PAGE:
Oregon’s Democratic Party Endorses Legalization of Psilocybin

The antidepressant effects of psilocybin, the psychoactive chemical in so-called magic mushrooms, appear to work not only in hallucinogenic doses of the medicine but also at lower, non-psychedelic doses, according to researchers with the University of Maryland School of Medicine (UMSOM). 

The study is based on animal models. But researchers say that if the results prove similar in humans as well, non-hallucinogenic psilocybin therapy could become a beneficial fast-acting antidepressant. 

In order to determine the effects of psilocybin on depression using laboratory mice, researchers measured the animals’ ability to work for rewards, such as choosing to drink sugar water instead of plain water. For the study, they used a mouse model of depression in which mice were stressed for several hours a day for 2-3 weeks. Much like stressed and depressed humans, the stressed mice lost interest in pleasurable rewards, such as the sugar water. But after receiving a small dose of psilocybin, the mice regained their preference for sugar water, demonstrating that the psychedelic medicine restored their pleasure response. 

Psilocybin, currently restricted as a Schedule I drug, has shown promise in clinical trials for treating mental health conditions including depression. But all clinical trials, to date, have used hallucinogenic doses and required participants are under the care of a guide during treatment. Psilocybin trips typically last 4 to 6 hours.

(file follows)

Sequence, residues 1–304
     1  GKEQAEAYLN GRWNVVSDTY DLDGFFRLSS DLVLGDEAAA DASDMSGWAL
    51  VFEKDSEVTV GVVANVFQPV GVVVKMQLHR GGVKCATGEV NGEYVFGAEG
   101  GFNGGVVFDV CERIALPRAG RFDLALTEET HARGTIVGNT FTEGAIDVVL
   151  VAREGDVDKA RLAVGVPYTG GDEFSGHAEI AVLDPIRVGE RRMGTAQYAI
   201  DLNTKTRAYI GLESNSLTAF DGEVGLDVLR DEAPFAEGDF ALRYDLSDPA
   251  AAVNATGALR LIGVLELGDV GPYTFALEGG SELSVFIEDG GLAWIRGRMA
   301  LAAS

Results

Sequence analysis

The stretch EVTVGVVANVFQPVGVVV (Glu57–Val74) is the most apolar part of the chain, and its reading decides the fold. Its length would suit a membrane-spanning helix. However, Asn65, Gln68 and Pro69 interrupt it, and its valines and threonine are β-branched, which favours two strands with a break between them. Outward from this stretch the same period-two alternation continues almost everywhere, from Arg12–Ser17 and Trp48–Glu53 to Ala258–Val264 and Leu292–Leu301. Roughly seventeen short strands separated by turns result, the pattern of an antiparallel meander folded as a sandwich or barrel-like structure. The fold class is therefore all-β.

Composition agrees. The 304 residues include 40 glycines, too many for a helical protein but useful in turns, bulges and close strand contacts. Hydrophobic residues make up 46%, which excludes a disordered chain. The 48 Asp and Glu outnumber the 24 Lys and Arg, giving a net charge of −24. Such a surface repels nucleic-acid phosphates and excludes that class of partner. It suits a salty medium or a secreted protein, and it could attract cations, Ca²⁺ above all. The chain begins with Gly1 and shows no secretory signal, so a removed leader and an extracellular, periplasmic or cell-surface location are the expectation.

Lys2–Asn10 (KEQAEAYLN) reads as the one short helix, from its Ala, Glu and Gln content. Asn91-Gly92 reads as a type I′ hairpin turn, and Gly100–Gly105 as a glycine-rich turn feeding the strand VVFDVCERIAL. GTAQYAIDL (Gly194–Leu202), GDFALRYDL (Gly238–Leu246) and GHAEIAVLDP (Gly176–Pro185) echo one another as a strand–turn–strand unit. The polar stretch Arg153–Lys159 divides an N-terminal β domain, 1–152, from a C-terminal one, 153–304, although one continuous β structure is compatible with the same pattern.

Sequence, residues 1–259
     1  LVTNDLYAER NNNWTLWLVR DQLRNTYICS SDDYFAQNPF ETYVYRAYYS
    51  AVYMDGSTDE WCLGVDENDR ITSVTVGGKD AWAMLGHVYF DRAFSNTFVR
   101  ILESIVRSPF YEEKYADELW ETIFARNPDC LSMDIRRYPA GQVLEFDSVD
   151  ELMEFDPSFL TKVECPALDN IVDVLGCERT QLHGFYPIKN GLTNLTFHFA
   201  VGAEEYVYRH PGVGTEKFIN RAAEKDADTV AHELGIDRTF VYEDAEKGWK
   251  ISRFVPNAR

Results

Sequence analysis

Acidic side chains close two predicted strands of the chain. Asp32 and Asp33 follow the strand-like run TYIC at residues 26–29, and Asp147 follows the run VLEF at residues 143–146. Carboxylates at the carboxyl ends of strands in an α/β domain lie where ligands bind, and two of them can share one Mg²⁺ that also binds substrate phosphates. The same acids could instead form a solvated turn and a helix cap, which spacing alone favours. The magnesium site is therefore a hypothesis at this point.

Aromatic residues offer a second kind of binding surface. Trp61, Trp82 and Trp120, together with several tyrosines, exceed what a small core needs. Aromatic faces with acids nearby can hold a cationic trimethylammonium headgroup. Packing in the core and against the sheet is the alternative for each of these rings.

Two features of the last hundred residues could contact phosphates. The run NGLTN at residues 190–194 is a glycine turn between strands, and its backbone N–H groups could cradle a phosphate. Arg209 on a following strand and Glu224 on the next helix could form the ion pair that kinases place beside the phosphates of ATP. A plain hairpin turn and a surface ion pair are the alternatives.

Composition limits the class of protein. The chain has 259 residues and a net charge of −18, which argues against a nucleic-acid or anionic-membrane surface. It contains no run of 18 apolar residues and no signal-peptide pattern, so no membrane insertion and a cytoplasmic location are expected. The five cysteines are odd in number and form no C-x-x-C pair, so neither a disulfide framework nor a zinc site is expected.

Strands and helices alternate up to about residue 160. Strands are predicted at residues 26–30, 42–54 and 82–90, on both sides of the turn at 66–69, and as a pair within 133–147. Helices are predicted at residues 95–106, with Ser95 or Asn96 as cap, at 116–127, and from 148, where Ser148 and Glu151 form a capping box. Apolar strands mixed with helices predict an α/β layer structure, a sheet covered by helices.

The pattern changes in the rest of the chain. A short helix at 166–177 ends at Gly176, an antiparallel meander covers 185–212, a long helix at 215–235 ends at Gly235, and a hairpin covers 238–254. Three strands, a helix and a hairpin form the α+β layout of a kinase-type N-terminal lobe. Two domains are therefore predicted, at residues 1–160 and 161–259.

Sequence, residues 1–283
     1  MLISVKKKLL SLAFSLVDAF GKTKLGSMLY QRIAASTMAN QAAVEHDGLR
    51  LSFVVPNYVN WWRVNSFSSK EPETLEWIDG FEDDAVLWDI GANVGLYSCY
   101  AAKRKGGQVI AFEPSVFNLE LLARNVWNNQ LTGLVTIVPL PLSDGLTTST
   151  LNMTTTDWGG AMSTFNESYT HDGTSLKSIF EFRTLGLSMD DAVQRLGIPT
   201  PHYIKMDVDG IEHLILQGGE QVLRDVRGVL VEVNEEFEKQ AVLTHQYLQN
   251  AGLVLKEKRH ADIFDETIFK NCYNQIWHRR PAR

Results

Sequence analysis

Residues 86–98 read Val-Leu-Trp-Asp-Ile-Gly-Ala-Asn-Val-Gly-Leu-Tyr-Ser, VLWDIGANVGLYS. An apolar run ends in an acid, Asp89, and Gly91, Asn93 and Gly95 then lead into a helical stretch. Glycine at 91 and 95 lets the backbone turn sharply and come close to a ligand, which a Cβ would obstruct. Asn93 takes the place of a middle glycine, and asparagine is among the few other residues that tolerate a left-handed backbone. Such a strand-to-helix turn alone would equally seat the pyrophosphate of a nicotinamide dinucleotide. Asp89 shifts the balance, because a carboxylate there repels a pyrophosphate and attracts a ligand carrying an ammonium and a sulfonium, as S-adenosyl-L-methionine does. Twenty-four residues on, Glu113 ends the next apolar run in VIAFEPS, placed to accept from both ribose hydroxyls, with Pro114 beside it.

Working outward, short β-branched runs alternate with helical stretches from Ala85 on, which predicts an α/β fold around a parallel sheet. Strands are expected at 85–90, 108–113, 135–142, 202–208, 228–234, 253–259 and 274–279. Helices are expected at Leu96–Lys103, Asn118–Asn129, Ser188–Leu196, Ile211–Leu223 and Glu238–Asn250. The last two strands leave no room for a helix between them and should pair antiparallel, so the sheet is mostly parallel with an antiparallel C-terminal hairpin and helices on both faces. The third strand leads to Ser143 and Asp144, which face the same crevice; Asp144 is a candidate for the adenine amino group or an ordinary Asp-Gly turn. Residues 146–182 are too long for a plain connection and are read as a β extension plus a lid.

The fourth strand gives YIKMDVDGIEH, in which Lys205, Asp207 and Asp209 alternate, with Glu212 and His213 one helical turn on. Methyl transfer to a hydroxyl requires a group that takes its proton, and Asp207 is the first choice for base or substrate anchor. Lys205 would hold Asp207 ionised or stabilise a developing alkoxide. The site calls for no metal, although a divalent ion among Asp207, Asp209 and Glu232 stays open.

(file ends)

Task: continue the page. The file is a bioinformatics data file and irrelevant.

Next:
A non-hallucinogenic version of psilocybin could, theoretically, be taken in the comfort of one’s home without the need to stay at a facility for several hours or days. 

Further, a version of psilocybin with low or no psychedelic effects could make it easier for the therapy to jump through regulatory hurdles and gain marketing approval. 

“These findings show that activation of the receptor causing the psychedelic effect isn’t absolutely required for the antidepressant benefits, at least in mice,” said Scott Thompson, PhD, Professor and Chair of the Department of Physiology at UMSOM and senior author of the study. “But the same experiment needs to be performed in depressed human subjects.” 

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